Working people and other supporters of democratic rights are standing up to attempts to undermine a popular victory for the voting rights of ex-prisoners in Florida. Amendment 4 to the state Constitution, which passed by 64.6 percent last November, restores these rights to more than a million people released after serving time on felony convictions.
Newly elected Republican Gov. Ron DeSantis, who won with less than 50 percent of the vote, announced after the election that the legislature needed to pass “implementing language.” He hoped to restrict the effect of the amendment.
The amendment states that voting rights for those convicted of felonies shall be restored “after they complete all terms of their sentence including parole or probation,” except for those “convicted of murder or sexual offenses.”
Before the amendment passed, regaining the right to vote was at the whim of the governor. For all but a small number of ex-prisoners this meant they were permanently denied the right to vote.
Most working people, whatever their skin color or nationality, backed the amendment because they know there is nothing “just” about the so-called criminal justice system. Many have done time themselves, whether “guilty” or not, or have friends or relatives who have. Most are well aware that it affects all working people, while disproportionately falling on those who are Black.
The governor and some of his allies in the Florida Assembly and Senate are pushing for a new law that would prevent ex-prisoners from regaining the right to vote unless they have paid off every penny of outstanding court costs and other financial obligations, including restitution judgments and civil penalties. They also want to change the definition of murder to include attempted murder and to rewrite the definition of sexual offenses to include prostitution. This would prevent tens of thousands from being able to vote.
Coral Nichol, 40, told a state Senate committee March 25 that she owes $190,000 in restitution after serving four years in prison and 10 on probation for grand theft. Under her court-approved restitution plan, she pays $100 a month. If the Senate plan is signed into law, she won’t be eligible to vote for 190 years.
Some opponents of the proposed restrictions called the Republican-sponsored plan a “poll tax,” a reference to the days before the overthrow of Jim Crow segregation when Blacks and poor Caucasian workers were blocked from voting by a tax levied on anyone who wanted to cast a ballot. Poll taxes were banned with passage of the 24th Amendment to the U.S. Constitution in 1964.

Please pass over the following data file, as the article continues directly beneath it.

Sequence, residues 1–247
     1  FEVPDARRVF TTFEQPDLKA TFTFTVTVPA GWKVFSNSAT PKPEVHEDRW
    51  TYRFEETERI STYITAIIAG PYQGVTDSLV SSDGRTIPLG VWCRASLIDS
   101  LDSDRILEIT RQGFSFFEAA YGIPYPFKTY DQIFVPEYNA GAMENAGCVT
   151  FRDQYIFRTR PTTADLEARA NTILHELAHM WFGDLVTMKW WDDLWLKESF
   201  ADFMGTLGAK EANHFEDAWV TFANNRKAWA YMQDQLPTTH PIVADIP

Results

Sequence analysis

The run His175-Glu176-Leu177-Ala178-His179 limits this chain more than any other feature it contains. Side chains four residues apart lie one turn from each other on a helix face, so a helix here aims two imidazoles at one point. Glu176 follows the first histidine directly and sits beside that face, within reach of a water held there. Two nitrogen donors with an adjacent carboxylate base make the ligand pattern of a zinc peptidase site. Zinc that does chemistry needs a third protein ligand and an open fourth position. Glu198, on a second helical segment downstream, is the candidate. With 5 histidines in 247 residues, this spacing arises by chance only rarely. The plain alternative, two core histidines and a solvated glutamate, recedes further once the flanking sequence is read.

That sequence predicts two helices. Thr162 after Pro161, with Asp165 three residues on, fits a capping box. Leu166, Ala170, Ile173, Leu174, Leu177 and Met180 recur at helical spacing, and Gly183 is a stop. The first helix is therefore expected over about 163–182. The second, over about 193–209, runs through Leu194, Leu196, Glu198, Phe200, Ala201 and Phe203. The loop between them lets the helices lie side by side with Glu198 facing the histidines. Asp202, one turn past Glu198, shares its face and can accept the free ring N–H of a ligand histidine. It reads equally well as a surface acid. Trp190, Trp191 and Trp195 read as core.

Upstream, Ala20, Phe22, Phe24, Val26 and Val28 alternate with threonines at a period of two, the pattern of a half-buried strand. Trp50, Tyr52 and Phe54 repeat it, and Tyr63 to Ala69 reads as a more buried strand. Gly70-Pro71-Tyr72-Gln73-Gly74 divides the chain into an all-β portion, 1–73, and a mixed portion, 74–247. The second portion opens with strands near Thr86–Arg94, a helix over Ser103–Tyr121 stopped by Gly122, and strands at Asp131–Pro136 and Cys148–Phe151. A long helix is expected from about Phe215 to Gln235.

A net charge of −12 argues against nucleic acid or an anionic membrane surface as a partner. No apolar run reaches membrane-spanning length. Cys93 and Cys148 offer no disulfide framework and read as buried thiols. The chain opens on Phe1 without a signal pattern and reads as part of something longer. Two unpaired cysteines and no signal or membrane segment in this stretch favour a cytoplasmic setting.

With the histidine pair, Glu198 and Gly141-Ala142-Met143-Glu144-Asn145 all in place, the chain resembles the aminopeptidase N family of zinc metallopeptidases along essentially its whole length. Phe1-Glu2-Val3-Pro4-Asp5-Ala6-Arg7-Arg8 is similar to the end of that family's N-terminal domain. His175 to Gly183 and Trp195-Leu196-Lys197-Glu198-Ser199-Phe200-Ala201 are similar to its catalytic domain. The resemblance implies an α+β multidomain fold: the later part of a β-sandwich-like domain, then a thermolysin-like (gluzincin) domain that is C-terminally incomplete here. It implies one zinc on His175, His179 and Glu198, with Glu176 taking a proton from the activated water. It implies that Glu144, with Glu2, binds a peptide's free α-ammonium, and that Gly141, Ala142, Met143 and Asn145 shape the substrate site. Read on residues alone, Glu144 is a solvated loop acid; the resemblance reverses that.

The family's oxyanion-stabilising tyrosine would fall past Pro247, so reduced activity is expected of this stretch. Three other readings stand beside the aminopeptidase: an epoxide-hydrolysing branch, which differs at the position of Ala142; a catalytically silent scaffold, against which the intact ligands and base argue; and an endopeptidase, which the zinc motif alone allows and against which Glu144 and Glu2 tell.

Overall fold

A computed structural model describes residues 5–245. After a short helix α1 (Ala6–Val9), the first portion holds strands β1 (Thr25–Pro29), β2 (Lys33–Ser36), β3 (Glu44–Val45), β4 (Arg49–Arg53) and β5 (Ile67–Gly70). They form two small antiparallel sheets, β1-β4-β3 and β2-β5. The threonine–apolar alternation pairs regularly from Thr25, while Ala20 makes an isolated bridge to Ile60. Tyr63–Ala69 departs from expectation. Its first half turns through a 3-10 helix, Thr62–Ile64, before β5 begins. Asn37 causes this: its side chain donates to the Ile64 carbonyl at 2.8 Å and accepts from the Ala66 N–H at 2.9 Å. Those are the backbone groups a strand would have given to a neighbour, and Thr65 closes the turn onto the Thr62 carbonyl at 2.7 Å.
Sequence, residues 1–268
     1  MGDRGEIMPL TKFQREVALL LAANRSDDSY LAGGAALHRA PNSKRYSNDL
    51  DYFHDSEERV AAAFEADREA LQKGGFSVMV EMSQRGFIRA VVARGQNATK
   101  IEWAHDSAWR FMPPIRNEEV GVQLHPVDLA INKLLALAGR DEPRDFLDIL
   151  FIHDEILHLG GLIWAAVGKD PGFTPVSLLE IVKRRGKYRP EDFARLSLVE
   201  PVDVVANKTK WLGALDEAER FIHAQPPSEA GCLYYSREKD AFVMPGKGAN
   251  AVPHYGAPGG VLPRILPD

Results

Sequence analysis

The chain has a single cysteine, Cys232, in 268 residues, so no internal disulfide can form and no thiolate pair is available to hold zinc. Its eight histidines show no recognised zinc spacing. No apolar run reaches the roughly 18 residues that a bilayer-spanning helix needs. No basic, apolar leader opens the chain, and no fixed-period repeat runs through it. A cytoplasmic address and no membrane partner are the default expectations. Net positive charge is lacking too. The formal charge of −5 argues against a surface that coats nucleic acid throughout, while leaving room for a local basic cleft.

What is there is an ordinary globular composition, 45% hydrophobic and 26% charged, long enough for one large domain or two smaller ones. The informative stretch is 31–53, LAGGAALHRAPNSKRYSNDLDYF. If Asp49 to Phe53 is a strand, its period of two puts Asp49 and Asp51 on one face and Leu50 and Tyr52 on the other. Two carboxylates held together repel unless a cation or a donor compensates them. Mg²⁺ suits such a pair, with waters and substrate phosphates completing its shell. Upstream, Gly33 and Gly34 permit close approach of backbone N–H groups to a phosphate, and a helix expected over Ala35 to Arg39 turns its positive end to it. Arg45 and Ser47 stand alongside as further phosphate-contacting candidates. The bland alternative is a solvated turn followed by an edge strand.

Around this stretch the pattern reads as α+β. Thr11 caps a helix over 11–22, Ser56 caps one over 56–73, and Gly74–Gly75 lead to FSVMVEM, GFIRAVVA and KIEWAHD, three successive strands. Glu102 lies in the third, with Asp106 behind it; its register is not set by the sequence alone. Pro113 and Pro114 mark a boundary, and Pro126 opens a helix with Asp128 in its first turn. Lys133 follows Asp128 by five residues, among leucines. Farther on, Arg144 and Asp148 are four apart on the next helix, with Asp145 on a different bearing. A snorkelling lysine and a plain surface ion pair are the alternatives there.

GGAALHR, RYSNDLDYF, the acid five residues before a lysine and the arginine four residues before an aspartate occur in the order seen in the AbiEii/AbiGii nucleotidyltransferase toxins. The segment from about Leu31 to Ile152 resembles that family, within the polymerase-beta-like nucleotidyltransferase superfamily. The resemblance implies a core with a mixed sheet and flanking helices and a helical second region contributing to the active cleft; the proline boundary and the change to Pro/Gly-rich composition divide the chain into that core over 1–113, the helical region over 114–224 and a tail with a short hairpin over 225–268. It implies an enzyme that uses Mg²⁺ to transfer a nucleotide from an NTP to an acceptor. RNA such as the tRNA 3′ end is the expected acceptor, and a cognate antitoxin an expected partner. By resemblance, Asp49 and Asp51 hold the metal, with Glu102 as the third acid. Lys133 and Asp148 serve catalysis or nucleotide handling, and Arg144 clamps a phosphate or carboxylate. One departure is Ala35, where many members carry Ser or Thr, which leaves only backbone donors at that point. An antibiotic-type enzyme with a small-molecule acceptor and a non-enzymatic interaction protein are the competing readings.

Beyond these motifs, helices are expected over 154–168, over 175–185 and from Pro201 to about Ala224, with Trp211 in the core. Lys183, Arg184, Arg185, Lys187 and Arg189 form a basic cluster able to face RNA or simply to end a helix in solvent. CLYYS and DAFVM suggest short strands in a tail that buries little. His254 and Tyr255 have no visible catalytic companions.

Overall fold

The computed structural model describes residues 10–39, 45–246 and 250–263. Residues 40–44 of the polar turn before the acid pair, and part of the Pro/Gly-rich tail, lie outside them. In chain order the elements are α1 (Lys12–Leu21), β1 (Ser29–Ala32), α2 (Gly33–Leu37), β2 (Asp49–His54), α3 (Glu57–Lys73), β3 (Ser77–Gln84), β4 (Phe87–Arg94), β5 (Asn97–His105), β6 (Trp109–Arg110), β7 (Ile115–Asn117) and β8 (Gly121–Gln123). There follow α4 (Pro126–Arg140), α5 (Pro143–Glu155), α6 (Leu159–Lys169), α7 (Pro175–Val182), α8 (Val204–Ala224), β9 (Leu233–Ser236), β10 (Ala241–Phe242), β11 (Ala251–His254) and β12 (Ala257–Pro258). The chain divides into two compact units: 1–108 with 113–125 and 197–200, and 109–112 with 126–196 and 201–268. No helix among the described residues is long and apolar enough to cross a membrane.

After an outcry, the bill’s sponsors have made changes to ease some of the most egregious proposed restrictions. None of the bills have come to a vote before the Assembly or the Senate yet.
Protesters rally at state Capitol
Several hundred people, many former prisoners, rallied by the state Capitol in Tallahassee March 12 to defend Amendment 4.
Neil Volz, treasurer of the Florida Rights Restoration Coalition, told the rally they are fighting for “full implementation” of the amendment and more.
“There’s a huge challenge trying to re-enter society and it involves trying to get a job, get a license and the ability to be hired by somebody,” he said, noting they would fight against the discrimination former prisoners face re-establishing their lives on the outside.
Volz said they would also be campaigning to change some of Florida’s laws that make felonies out of acts that in most states are prosecuted as misdemeanors. In Texas theft of under $1,500 is a misdemeanor, not a felony. “In Florida the threshold is $300,” Volz said.
“At first the governor was saying that nobody should register until the state passed a new law,” Cecile Scoon, first vice president of the Florida League of Women Voters, one of the groups that backed the amendment, told the Militant by phone March 30. Some former prisoners were worried that if they registered and were found ineligible they might be prosecuted for voting fraud.
But the outcry was so strong the governor had to back down. Thousands have filed to regain their voting rights.
Scoon was at the March 12 rally. She said it’s “my great pleasure” to meet former prisoners, inspired by the victory, “who say, ‘I’m going to stand up for myself.’ It’s our goal for people who have been oppressed to get their own voices.”
At least 11 other states have laws on the books as restrictive as Florida had before the amendment was passed. There are fights being waged for referenda and changes in a number of them, including in Iowa and Kentucky. In only one state, Vermont, do those convicted of felony charges retain their right to vote even while behind bars.